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Ch 27. Questions?? What are some theories about how our solar system began?

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Presentation on theme: "Ch 27. Questions?? What are some theories about how our solar system began?"— Presentation transcript:

1 Ch 27

2 Questions?? What are some theories about how our solar system began?

3 The Nebular Hypothesis solar nebular a rotating cloud of gas and dust from which the sun and planets formed In 1796, French mathematician Pierre Simon, advanced a hypothesis now known as the nebular hypothesis.

4

5 The Nebular Hypothesis The sun is composed of about 99% of all of the matter that was contained in the solar nebula. planetesimal a small body from which a planet originated in the early stages of development of the solar system

6 Nebular Hypothesis Some planetesimals joined together through collisions and through the force of gravity to form larger bodies called protoplanets. Protoplanets’ gravity attracted other planetesimals, collided, and added their masses to the protoplanets

7 Diagram of Nebular Hypothesis

8 Nebular Hypothesis Step 1: The young solar nebula starts to collapse due to gravity. Step 2: As it rotates, it flattens and becomes warmer near the center…this is where our sun formed. Step 3: Planetesimals form within the swirling disk

9 Nebular Hypothesis Step 4: As planetesimals grow, their gravitational pull increases. Larger planets collect mostly dust and gas. Step 5: Small planetesimals hit larger ones and planets begin to grow. Step 6: Left over dust and gas leave solar nebula and our solar system is formed!

10 The Planets The Inner Planets: Mercury, Venus, Earth, Mars Smaller, rockier, more dense than outer planets Contain heavier elements like nickel and iron The outer Planets: Jupiter, Saturn, Uranus and Neptune Composed of lighter elements such as helium, hydrogen and their ices (water ice, ammonia ice & methane ice) Called gas giants b/c made of gas and have low density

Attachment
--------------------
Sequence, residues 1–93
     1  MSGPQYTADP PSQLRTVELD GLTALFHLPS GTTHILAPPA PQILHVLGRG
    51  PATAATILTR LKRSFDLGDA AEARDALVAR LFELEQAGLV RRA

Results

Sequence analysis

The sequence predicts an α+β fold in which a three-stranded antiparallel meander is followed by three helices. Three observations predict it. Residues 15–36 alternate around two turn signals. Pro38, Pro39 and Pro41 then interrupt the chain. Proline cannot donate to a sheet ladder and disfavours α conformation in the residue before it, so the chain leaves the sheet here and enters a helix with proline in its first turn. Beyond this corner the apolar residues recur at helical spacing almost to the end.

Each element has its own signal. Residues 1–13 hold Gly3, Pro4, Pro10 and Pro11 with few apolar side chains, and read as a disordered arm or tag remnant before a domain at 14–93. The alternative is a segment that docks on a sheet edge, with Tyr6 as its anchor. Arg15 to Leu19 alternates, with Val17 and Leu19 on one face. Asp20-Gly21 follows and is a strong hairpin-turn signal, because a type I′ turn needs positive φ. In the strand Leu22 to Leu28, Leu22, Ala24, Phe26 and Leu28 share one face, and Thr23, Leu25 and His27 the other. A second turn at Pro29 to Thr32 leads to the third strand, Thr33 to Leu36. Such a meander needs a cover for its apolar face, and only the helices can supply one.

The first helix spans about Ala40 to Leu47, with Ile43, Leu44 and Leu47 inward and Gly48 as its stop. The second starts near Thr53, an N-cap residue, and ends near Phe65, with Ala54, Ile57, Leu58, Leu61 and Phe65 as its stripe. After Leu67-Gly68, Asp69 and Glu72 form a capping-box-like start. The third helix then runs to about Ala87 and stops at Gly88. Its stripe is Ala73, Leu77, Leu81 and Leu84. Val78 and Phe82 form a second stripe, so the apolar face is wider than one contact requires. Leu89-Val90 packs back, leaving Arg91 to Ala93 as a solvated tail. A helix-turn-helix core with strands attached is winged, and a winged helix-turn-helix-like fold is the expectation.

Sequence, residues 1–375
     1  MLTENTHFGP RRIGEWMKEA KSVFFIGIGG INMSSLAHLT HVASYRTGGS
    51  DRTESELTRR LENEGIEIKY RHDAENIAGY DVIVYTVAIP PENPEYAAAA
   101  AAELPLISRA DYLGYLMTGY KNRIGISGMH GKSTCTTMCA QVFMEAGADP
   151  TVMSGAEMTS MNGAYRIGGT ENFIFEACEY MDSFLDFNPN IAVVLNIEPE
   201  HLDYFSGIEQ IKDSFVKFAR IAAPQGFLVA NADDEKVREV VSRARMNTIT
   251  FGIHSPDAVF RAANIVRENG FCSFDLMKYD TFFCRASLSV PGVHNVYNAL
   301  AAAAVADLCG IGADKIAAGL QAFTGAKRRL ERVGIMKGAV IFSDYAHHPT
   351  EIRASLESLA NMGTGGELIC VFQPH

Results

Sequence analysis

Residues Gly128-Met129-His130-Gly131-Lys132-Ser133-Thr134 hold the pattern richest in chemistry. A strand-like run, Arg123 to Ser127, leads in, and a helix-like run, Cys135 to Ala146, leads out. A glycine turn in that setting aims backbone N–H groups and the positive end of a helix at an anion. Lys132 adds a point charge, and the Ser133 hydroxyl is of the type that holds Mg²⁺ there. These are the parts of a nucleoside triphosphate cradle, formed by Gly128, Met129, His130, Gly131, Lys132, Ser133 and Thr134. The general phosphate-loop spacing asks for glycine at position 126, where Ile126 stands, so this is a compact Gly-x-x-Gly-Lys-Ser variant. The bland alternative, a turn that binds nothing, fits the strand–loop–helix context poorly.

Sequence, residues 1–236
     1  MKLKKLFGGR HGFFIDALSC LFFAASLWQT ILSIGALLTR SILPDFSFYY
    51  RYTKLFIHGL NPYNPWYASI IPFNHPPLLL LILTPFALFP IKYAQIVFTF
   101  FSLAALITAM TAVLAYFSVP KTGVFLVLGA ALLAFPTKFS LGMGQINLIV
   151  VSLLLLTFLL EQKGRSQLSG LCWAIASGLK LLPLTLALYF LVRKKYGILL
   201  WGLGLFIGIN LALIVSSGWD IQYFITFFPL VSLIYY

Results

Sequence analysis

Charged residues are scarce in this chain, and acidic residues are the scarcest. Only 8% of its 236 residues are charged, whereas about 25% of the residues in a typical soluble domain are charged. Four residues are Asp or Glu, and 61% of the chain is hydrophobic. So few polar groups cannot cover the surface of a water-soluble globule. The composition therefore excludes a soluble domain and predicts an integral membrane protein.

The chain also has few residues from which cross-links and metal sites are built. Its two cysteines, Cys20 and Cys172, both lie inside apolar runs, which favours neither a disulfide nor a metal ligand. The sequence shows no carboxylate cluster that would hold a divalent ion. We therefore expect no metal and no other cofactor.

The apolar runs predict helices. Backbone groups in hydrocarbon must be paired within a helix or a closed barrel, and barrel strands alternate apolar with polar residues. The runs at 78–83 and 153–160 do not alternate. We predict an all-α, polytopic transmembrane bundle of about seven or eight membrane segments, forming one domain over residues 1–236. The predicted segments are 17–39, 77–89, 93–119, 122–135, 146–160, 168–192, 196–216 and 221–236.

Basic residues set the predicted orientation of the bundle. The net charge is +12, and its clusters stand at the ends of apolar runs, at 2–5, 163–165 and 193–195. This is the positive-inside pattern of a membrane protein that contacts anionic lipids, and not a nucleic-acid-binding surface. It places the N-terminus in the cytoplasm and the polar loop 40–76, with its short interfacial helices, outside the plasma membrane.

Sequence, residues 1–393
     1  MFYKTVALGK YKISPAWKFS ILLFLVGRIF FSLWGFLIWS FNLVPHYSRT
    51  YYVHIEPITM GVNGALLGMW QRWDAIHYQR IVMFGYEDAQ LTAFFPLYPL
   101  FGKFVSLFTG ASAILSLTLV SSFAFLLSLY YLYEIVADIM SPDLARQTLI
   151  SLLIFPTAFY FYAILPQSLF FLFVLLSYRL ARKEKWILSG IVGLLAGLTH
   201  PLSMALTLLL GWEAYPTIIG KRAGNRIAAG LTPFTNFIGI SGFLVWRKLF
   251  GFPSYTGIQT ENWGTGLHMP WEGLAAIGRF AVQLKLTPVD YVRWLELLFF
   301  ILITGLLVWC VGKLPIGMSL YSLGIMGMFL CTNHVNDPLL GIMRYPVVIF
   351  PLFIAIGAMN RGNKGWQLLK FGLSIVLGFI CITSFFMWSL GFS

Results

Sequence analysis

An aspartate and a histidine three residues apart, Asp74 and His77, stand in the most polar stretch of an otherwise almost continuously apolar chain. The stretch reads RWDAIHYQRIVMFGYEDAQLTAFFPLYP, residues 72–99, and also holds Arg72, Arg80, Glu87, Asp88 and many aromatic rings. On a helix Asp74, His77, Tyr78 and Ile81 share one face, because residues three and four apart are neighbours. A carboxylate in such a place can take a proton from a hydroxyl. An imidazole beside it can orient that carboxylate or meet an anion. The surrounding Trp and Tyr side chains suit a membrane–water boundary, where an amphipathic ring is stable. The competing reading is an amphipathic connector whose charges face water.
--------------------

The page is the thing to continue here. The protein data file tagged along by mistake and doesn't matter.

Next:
11 Pluto – The Different Planet Farthest and smallest planet (smaller than Earth’s moon) Ice ball made of frozen gasses and rocks Scientist do not believe that Pluto qualifies as a real planet. Question?? How is Pluto different from the outer planets? Unlike the other outer planets, Pluto is very small and is composed of rock and frozen gas, instead of thick layers of gases.

12 The Formation of Solid Earth First, Earth was very hot, then Earth cooled to form three distinct layers. Differentiation – denser materials sank to the center and lighter materials were forced to the outer layers. Center: dense core of iron and nickel Mantel: surrounds core, think layer of iron & magnesium rich rock Crust: outermost layer, less dense, silica rich rock

13 Earth’s Layers

14 Earth’s Atmosphere The atmosphere formed because of differentiation. Earth’s gravity is too weak to hold high concentrations of hydrogen and helium gases and is blown away by solar winds. Outgassing Outgassing formed a new atmosphere as volcanic eruptions released large amounts of gases The ozone formed from remaining oxygen molecules after solar radiation caused ammonia and some water vapor to break down.

15 Formation of Earth

16 Outgassing

17 Earth’s Present Atmosphere The ozone collected in a high atmospheric layer around Earth and shielded Earth’s surface from the harmful ultraviolet radiation of the sun. Organisms, such as cyanobacteria and early green plants, could survive in Earth’s early atmosphere by using carbon dioxide during photosynthesis These organisms produced oxygen as a byproduct of photosynthesis and helped slowly increase the amount of oxygen in the atmosphere.

18 Question?? How did green plants contribute to Earth’s present-day atmosphere? Green plants release free oxygen as part of photosynthesis, which caused the concentration of oxygen gas in the atmosphere to gradually increase.

19 Formation of Earth’s Oceans Were the first oceans fresh water or salt water? Fresh water As rain continued to fall, rocks were dissolved into the oceans. As evaporation occurred, some of the chemicals from the rocks combined to form salts, making the oceans increasingly more salty.

20 The Ocean’s Effect on the Atmosphere The ocean affects global temperature by dissolving carbon dioxide from the atmosphere. Since Earth’s early atmosphere contained less carbon dioxide than today, Earth’s early climate was probably cooler than the global climate is today.

21 Multiple Choice 1. Small bodies that join to form protoplanets in the early stages of the development of the solar system are A.planets B.solar nebulas C.plantesimals D.gas giants Chapter 27

22 Multiple Choice, continued 1. Small bodies that join to form protoplanets in the early stages of the development of the solar system are A.planets B.solar nebulas C.plantesimals D.gas giants Chapter 27